North Texas Tollway Rates Increase Friday

Road TransportationTravelGeorge W. BushSam Rayburn

If you want to get on any of the North Texas tollways, it will cost you more starting Friday.  The North Texas Tollway Authority said for drivers who makes 20 mile roundtrips every day, they’ll see an increase around $35 a year.

Jacqueline Bello relies on theDallas North Tollway for getting to work every day.  Bello recently moved fromHouston to Dallas.

“Right now it is not kind of an issue because I feel like the toll roads in Houston are a lot more expensive, but I am sure I am going to have to make some more changes later,” said Bello.

She said she might have to make those changes as soon as Friday.

“I am going to have to wake up earlier and probably take Coit instead of the toll road, yeah, stuff like that,” Bello told The 33 News.

The 33 News took a sampling of how tollway rates will change starting Friday.  For the Sam Rayburn Tollway between Preston and I-35E, the rate goes up six cents from $1.24 to $1.30 for TollTag users.

On the Dallas North Tollway, the daily commute from Eldorado to Wycliff will go from $4.37 to $4.62 for those with a TollTag.

If you are getting out of town for the Fourth of July weekend and headed to DFW on the George Bush Turnpike, a one-way trip from US 75 to I-635 changes from $2.88 to $3.04 using a TollTag.

NTTA officials said the increases are necessary to help pay the bonds they sell to build the tollways.

“We have to have a regularly scheduled increase so bond holders, the people who buy our bonds know that they can depend on them being good,” said NTTA spokesman Michael Rey.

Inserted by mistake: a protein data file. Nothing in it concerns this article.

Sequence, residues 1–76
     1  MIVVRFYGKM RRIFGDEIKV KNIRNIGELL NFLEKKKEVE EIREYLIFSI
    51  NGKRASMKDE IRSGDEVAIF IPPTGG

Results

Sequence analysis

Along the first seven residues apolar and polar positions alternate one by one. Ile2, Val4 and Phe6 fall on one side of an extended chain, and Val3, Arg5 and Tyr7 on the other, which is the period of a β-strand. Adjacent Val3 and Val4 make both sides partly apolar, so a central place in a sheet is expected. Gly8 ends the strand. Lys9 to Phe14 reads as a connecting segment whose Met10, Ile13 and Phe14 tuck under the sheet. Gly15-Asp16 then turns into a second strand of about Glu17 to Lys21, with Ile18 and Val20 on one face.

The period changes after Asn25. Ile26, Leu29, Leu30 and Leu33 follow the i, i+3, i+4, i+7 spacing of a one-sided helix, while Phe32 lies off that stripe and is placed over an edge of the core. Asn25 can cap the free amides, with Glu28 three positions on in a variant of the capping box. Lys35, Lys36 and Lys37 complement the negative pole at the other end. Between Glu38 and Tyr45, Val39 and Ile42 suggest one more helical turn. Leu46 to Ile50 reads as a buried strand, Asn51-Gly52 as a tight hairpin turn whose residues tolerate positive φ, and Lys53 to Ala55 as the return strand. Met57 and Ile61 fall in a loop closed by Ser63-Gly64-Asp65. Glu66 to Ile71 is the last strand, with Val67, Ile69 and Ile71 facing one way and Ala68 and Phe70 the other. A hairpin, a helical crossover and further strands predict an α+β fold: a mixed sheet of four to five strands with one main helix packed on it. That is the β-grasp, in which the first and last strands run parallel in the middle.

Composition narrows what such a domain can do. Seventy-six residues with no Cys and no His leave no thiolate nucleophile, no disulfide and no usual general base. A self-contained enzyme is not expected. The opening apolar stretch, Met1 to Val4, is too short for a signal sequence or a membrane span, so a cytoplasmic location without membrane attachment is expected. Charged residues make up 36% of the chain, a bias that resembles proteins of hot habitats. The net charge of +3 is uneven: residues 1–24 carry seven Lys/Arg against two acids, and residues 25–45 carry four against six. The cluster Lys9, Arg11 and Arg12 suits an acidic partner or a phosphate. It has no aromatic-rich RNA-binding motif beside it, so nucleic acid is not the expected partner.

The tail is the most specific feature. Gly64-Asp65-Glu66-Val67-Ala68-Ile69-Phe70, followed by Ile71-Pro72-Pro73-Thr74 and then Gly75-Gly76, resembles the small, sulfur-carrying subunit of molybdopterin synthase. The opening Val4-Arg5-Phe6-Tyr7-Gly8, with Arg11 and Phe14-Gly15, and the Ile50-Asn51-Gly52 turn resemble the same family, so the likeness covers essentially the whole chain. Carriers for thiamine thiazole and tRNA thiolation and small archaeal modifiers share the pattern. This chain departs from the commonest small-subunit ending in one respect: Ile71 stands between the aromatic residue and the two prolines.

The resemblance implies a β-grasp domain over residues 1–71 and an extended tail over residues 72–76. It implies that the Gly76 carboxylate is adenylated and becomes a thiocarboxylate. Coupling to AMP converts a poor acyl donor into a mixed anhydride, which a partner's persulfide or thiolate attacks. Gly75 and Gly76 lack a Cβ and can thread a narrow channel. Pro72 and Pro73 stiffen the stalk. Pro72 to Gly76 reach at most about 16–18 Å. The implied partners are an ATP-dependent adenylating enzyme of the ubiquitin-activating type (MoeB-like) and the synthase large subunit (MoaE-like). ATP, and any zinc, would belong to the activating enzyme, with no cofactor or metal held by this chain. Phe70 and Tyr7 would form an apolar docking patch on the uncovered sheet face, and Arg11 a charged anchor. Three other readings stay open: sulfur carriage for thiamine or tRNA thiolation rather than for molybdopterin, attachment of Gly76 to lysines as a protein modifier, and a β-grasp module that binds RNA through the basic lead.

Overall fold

Rey said there will be another increase in 2013, then another in 2015.

“Our roads are safe, they’re very effective getting to where they’re going, they can save money by having a direct route with less traffic on it, so they find it’s worth the investment for them,” he said.

Kelly Van Boven is constantly on the tollways with her son.

“The zoo, the museum, downtown, running errands, things like that,” said Van Boven.

She said she has no other choice, but next time they move it might be to a toll free part of town.

“When we look at houses we do think about which roads we use the most and how much more a month that would cost us,” said Van Boven.

Van Boven for now will just have to look at the bright side of the rate increase.

“Maybe it’ll make the traffic on the tollway less,” she said.

However, NTTA officials said after previous rate increases, they did not see a significant change in the number of drivers on the road.

The rate increases are scheduled for every odd year on July 1st of those years.


Copyright © 2014, Los Angeles Times